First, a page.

by David Richardson, Senior Research Fellow
The history lesson
In the mid-1980s the Hawke/Keating Government committed itself to what it termed a ‘Trilogy’ of budget restraint. This pledged that Commonwealth revenue would not increase as a percentage of gross domestic product (GDP) with similar commitments for spending and the deficit. At that time the latest figures available were for 1984–85 when the budget balance was a deficit of 2.6 per cent of GDP and the tax to GDP ratio was 22.5 per cent while total revenue to GDP was 25.0 per cent. In an effort to appear fiscally ‘responsible’ the trilogy commitment used whatever the then current figures happened to be and, as such, were entirely arbitrary. However, the trilogy seemed to suggest fiscal conservatism when the then government thought fiscal conservatism meant good politics during an election campaign.
1 // Taxation
The budget papers have for a while mentioned a target tax to GDP ratio of 23.9 per cent which has recently become a ceiling or a ‘speed limit’. When Treasurer Scott Morrison said ‘We have imposed a speed limit on taxes in our budgets, that requires that taxes do not grow beyond 23.9 per cent of our economy’. This was repeated on budget night in the Treasurer’s speech and in the fiscal strategy which says ‘the Government has formalised its tax-to-GDP cap of 23.9 per cent as part of its fiscal strategy to support stronger economic growth’.
2 // Spending
The Treasurer’s budget speech also included some observations on spending:
“Real expenditure growth remains below two per cent, the most restrained of any Government in more than 50 years…This will see Government spending fall to 24.7 per cent of GDP, below the 30 year average at 24.8 per cent over the forward estimates.”
In the budget papers themselves there are references to spending restraint ‘bringing it [the spending to GDP ratio] below the 30 year historical average of 24.8 per cent’ and ‘bringing it below the 30 year average of 24.8 per cent’ .
It must be pointed out that the 30 year average is entirely arbitrary and over the 30 years the government has added new functions. On the latter point, the article on the NDIS funding points out that the NDIS spending appears on the federal government books but it is jointly funded by the states and territories. That adds around 0.5 per cent of GDP by including the states’ half in federal spending.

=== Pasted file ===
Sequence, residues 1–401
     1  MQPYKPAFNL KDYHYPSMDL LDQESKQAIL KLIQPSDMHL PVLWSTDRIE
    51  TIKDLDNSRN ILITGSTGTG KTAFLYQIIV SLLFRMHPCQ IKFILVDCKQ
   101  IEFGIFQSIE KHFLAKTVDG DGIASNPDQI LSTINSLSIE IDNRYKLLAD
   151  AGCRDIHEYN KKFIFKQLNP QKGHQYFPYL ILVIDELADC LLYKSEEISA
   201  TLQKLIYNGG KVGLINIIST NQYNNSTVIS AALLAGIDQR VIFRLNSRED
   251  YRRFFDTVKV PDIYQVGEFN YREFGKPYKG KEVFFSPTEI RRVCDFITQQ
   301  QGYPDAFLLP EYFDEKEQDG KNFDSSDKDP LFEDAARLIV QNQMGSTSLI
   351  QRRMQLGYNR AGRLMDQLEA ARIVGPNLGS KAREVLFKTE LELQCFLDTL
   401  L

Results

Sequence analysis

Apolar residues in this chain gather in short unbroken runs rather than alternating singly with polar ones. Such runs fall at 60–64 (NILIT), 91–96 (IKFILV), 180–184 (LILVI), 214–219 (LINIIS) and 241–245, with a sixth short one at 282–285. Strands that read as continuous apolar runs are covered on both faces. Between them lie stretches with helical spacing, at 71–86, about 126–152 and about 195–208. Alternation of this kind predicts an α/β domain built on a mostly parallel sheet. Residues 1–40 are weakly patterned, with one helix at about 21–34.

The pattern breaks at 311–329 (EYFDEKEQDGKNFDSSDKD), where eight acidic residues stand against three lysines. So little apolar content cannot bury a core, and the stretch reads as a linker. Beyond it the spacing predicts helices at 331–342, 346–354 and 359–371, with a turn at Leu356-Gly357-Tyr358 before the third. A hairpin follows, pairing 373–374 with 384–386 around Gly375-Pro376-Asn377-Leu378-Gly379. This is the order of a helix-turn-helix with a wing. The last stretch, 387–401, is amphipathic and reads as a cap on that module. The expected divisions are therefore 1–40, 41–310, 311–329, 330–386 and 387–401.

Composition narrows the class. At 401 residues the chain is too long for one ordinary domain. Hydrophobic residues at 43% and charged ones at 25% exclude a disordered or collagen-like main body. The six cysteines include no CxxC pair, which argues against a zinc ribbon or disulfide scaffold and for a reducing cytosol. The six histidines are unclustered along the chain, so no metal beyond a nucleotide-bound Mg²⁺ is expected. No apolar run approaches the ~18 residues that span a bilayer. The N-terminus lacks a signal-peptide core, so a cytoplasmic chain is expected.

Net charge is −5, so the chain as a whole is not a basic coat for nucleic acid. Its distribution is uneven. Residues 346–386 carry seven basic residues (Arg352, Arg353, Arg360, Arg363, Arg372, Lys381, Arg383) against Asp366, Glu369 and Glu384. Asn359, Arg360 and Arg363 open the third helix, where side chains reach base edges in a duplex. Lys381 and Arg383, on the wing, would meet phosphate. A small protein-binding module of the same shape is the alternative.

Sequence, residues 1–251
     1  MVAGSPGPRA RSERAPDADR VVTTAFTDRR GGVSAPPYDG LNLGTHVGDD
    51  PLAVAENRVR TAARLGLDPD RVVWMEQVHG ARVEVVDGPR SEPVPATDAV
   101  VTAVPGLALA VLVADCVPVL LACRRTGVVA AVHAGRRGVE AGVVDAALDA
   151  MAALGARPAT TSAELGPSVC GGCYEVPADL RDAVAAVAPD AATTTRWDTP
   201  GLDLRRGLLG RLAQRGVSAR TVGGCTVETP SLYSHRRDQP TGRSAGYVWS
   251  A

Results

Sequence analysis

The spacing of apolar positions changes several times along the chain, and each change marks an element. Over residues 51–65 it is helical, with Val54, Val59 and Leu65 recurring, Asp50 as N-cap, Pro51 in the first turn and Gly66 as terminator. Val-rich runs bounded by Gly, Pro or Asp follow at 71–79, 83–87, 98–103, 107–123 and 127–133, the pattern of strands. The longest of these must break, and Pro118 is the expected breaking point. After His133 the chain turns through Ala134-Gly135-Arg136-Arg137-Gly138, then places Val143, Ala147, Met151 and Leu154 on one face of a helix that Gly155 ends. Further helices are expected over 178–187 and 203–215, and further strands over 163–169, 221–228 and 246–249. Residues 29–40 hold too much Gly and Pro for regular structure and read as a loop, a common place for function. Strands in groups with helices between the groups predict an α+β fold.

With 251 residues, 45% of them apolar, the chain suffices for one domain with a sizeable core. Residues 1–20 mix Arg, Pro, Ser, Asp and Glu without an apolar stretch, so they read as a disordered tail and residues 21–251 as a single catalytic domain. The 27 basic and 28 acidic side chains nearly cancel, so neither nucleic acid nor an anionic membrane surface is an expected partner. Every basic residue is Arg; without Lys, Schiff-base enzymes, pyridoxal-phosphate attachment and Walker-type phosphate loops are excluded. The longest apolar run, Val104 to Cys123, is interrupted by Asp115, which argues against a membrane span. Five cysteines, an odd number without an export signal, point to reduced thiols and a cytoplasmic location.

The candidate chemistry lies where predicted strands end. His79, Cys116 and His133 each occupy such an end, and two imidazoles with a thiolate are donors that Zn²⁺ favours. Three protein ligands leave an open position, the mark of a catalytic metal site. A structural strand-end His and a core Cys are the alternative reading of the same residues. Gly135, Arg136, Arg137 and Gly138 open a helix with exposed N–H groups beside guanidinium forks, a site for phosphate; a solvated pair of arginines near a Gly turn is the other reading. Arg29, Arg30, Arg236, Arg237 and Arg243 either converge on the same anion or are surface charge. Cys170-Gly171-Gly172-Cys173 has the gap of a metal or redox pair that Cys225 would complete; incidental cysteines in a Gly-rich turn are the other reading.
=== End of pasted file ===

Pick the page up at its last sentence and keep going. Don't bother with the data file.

3 // Budget Balance — the Surplus
On the projected surplus the Treasurer said ‘Over the medium term the projected Budget surplus rises to over one percent of GDP, without breaching our tax cap, consistent with our fiscal strategy’.
The surplus objective (on average) is curious when we think about it. While it seems to have been accepted rather uncritically, you might get a different response if the Treasurer had said ‘We intend to tax you more than we need to fund government spending’.In the following passage the one per cent surplus becomes a target when the budget papers say ‘The budget repair strategy is designed to deliver sustainable budget surpluses building to at least 1 per cent of GDP as soon as possible, consistent with the medium-term fiscal strategy’ (3–7).
Putting it all together
Putting all this together we have a new Trilogy of commitments, a tax ceiling of 23.9 per cent of GDP, a spending ceiling of 24.8, and a surplus of one per cent of GDP. Those figures are consistent when we add in non-tax revenues that vary in the range of 1.6 to 1.9 per cent of GDP over the forward estimates.
However in combination the present trilogy implies a very severe constraint on public sector activity in Australia. This is very serious in the context of an Australian economy that has serious gaps in its delivery of fairness in the income distribution, as well as the provision of services in health, housing, education and many other areas. Artificial constraint in these areas will involve serious social and economic costs.
From all of the team at The Australia Institute, thanks for reading.
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